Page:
- If the skin irritation is being caused by the device itself (or device adhesive) use a tape barrier to prevent those areas from touching the skin; then use high-quality medical tape to hold the device in place; NOTE: For the most accurate results, the sensor should be placed on bare skin6
- Place the medical tape using a “picture frame” technique; use strips of medical tape to make a border around the device like the 4 sides of a picture frame or cut a hole in the middle of a patch of medical tape
- Use a waterproof medical tape that holds firmly but also releases gently and cleanly, without irritating the skin
- Remove tape using the “fold back” technique (slowly remove the adhesive at an angle, i.e., folding the tape back on itself)
Hy-Tape should be considered among the best tapes for securing continuous glucose monitors and insulin pumps. First, Hy-Tape is latex-free—latex is one of the most potent skin sensitizers found in medical products. No latex means no latex allergy. Hy-Tape also uses a zinc oxide adhesive that is gentle and even soothing on skin. It removes gently and cleanly, without leaving residue or damaging sensitive skin. At the same time, Hy-Tape is waterproof and adheres strongly enough to keep continuous glucose monitors and insulin pumps in place through sweating and activity. Lastly, Hy-Tape is thin and flexible; it can be used to secure continuous glucose monitors and insulin pumps in virtually any area on the body.
People who use continuous glucose monitors or insulin pumps to improve their blood sugar control are making a wise decision for their metabolic and overall health. Over time, most adjust to the day-to-day hassle of wearing these devices. Finding a way to secure these devices without irritating the skin may take a bit of trial and error, but following the tips listed above and choosing Hy-Tape for securement is a great place to start.
Read: Tips for Dealing with Skin Irritation from Infusion Set & Continuous Glucose Monitoring (CGM) Systems
References – Preventing Skin Reactions
1. Berg AK, Olsen BS, Thyssen JP, et al. High frequencies of dermatological complications in children using insulin pumps or sensors. Pediatr Diabetes. 2018;19(4):733-740. 10.1111/pedi.12652
2. Binder E, Lange O, Edlinger M, et al. Frequency of dermatological side effects of continuous subcutaneous insulin infusion in children and adolescents with type 1 diabetes. Exp Clin Endocrinol Diabetes. 2015;123(4):260-264. 10.1055/s-0034-1394381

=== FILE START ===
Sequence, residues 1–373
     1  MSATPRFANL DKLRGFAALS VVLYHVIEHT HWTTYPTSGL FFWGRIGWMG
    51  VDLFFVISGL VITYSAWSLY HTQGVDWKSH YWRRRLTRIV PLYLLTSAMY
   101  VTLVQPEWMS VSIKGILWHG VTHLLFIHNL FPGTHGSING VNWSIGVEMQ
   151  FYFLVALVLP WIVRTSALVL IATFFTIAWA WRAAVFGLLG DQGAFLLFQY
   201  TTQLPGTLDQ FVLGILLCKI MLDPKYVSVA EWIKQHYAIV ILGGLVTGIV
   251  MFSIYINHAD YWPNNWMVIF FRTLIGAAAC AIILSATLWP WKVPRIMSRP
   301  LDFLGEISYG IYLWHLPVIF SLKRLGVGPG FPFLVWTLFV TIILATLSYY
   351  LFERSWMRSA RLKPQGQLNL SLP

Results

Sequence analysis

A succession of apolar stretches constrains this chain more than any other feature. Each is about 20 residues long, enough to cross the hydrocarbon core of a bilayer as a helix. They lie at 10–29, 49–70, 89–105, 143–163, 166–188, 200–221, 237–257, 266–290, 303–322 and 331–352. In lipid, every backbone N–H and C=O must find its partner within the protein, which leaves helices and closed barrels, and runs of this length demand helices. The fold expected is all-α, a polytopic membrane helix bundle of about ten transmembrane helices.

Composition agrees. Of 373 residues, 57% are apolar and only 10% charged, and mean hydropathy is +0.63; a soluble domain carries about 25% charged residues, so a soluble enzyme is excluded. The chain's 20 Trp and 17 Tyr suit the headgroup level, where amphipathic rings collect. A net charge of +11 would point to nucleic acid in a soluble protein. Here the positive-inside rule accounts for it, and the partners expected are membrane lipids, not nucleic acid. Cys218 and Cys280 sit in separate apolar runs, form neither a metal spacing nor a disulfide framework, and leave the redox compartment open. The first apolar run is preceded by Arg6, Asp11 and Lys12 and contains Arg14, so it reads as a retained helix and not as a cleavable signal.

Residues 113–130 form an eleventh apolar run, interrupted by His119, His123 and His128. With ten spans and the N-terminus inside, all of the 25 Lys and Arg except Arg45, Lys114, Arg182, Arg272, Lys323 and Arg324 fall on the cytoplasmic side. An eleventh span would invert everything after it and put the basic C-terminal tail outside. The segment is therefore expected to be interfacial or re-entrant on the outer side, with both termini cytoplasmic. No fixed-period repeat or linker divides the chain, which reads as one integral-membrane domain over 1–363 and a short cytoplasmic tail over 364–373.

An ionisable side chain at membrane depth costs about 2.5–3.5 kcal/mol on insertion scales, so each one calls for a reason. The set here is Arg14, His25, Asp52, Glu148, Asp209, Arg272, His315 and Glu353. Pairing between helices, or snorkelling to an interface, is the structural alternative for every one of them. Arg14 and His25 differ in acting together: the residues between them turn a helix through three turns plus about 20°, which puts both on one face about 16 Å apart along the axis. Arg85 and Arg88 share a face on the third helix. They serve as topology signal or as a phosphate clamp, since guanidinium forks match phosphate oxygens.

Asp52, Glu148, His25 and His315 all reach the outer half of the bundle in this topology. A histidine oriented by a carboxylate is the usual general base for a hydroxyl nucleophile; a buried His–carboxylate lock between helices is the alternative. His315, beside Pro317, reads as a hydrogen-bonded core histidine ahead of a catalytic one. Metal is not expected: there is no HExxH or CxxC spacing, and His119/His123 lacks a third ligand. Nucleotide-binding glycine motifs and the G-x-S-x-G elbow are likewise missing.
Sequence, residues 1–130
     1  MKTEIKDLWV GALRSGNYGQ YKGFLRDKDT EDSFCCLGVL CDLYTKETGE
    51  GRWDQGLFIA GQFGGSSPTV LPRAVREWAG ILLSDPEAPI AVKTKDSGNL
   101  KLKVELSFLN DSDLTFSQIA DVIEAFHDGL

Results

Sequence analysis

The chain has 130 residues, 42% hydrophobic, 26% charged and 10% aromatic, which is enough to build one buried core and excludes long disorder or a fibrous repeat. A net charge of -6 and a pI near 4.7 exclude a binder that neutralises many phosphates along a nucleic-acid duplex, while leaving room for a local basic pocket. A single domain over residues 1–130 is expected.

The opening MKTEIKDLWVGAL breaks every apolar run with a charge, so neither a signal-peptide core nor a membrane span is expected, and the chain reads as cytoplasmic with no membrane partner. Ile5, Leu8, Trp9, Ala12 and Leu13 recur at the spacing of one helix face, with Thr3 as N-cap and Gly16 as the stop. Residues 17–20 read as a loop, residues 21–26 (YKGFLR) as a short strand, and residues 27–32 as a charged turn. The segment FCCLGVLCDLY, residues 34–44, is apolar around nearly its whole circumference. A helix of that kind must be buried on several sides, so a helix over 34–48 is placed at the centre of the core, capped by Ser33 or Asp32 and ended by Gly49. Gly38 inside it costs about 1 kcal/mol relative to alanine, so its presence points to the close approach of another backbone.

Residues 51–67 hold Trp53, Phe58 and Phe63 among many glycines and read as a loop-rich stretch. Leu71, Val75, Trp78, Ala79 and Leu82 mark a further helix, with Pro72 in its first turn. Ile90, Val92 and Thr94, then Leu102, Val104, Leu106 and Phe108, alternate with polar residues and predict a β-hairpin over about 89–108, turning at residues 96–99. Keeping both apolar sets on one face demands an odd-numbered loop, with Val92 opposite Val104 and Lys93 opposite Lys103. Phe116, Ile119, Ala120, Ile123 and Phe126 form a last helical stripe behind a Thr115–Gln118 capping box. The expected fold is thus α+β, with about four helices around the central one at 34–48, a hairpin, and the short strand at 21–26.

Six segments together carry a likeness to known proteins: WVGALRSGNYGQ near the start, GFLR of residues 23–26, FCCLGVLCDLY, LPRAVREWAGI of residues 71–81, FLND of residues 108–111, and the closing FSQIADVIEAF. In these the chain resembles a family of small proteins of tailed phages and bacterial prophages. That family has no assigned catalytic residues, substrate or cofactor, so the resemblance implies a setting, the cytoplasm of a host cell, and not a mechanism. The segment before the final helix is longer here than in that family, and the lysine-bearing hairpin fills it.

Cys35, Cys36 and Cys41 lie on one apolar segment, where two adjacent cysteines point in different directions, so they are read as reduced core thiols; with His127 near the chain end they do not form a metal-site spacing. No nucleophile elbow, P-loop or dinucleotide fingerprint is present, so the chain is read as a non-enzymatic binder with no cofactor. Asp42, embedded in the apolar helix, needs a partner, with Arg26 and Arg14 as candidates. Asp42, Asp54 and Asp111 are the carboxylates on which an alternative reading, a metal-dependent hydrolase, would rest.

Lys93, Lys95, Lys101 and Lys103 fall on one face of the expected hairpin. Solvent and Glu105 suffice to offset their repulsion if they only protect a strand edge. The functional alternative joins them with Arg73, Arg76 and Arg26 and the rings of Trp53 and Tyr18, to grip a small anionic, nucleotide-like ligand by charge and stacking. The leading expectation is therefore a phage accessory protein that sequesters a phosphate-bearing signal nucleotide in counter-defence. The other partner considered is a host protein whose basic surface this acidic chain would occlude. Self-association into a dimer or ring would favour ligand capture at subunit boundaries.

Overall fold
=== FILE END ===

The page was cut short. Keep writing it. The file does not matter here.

3. Englert K, Ruedy K, Coffey J, et al. Skin and adhesive issues with continuous glucose monitors: a sticky situation. J Diabetes Sci Technol. 2014;8(4):745-751. 10.1177/1932296814529893
4. Jadviscokova T, Fajkusova Z, Pallayova M, Luza J, Kuzmina G. Occurence of adverse events due to continuous glucose monitoring. Biomed Pap Med Fac Univ Palacky Olomouc Czech Repub. 2007;151(2):263-266. 10.5507/bp.2007.044
5. Messer L, Ruedy K, Xing D, et al. Educating families on real time continuous glucose monitoring: the DirecNet navigator pilot study experience. Diabetes Educ. 2009;35(1):124-135. 10.1177/0145721708325157
6. Ives B, Sikes K, Urban A, Stephenson K, Tamborlane WV. Practical aspects of real-time continuous glucose monitors: the experience of the Yale Children’s Diabetes Program. Diabetes Educ. 2010;36(1):53-62. 10.1177/0145721709352010
7. Feig DS, Donovan LE, Corcoy R, et al. Continuous glucose monitoring in pregnant women with type 1 diabetes (CONCEPTT): a multicentre international randomised controlled trial. Lancet. 2017;390(10110):2347-2359. 10.1016/S0140-6736(17)32400-5
8. Messer LH, Berget C, Beatson C, Polsky S, Forlenza GP. Preserving Skin Integrity with Chronic Device Use in Diabetes. Diabetes Technol Ther. 2018;20(S2):S254-S264. 10.1089/dia.2018.0080
9. Schwensen JF, Friis UF, Zachariae C, Johansen JD. Sensitization to cyanoacrylates caused by prolonged exposure to a glucose sensor set in a diabetic child. Contact Dermatitis. 2016;74(2):124-125. 10.1111/cod.12503
10. Herman A, Aerts O, Baeck M, et al. Allergic contact dermatitis caused by isobornyl acrylate in Freestyle(R) Libre, a newly introduced glucose sensor. Contact Dermatitis. 2017;77(6):367-373. 10.1111/cod.12866
11. Richardson T, Kerr D. Skin-related complications of insulin therapy: epidemiology and emerging management strategies. Am J Clin Dermatol. 2003;4(10):661-667. 10.2165/00128071-200304100-00001
12. McNichol L, Lund C, Rosen T, Gray M. Medical adhesives and patient safety: state of the science: consensus statements for the assessment, prevention, and treatment of adhesive-related skin injuries. J Wound Ostomy Continence Nurs. 2013;40(4):365-380; quiz E361-362. 10.1097/WON.0b013e3182995516